Teitl Casgliad: Glamorgan Gazette
Sefydliad: Llyfrgell Genedlaethol Cymru
Hawliau: Nid yw statws neu berchnogaeth hawlfraint yr adnodd hwn yn hysbys.
BEVAN & COMPANY, Ltd., WALES' LARGEST FURNISHERS! s Furniture for the ir! Million,,f — ? — Rock Bottom Prices. t t For the Long Term of Sixty-Five ?ears has this well-I?nown firm carried on business, and during that period, have faithfully discharged all I < obligations to their vast army of customers, with the result that to-cay th?y stand in the front rank of the Furnishing Kingdom. ? All goods are warranted, a?d are sold at the lowest possible prices consistent with good quality. Bevan & Company hold ?he largest selection in ? the Pfincipality of everything requited for furnishing throughout. Delivery free by road or rail up to 203 miles, and the train fares of cash cu&tomers are paid. Terms-Cash, or generous anangements for Credit. Illustrated Catalogues Gratis and Post Free. jj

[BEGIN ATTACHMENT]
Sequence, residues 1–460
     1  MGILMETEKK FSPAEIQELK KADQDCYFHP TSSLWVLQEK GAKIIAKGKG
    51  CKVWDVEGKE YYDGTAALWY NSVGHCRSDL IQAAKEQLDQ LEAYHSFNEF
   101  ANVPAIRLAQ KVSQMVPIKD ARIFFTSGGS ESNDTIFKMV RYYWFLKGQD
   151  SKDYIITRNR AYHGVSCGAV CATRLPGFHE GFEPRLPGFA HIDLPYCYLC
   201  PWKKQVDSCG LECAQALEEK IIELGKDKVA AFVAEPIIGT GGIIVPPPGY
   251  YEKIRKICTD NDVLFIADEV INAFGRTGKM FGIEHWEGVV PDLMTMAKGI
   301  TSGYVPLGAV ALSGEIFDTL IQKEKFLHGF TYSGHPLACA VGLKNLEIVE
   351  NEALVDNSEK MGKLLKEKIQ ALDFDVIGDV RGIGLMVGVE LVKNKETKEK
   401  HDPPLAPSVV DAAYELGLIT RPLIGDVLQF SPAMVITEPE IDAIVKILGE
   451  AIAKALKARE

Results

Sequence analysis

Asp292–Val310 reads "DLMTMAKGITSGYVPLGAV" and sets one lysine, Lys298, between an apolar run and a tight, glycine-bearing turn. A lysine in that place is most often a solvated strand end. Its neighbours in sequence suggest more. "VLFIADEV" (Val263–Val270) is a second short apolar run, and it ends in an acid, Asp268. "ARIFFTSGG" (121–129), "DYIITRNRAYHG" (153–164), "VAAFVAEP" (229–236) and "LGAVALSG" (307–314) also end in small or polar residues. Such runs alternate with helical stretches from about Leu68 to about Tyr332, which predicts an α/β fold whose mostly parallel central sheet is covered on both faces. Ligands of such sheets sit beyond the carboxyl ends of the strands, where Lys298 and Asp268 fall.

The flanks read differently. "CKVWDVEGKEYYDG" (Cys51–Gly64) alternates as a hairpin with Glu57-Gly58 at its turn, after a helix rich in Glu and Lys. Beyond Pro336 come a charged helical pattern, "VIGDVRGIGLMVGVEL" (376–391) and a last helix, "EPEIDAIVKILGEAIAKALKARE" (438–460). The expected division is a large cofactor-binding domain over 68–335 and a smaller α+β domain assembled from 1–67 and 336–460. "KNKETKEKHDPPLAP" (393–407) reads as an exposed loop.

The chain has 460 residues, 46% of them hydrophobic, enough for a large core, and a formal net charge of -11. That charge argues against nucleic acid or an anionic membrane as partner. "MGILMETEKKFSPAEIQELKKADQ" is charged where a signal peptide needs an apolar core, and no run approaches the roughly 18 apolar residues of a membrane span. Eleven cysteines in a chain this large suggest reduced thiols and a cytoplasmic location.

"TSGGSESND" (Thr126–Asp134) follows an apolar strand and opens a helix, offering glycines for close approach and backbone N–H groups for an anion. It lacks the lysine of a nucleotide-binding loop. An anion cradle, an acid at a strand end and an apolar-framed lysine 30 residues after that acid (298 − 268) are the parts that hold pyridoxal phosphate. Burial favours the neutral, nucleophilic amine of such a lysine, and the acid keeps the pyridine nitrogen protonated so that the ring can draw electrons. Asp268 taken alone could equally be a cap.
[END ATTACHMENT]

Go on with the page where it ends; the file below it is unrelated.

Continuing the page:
It I Peeps at Portheawl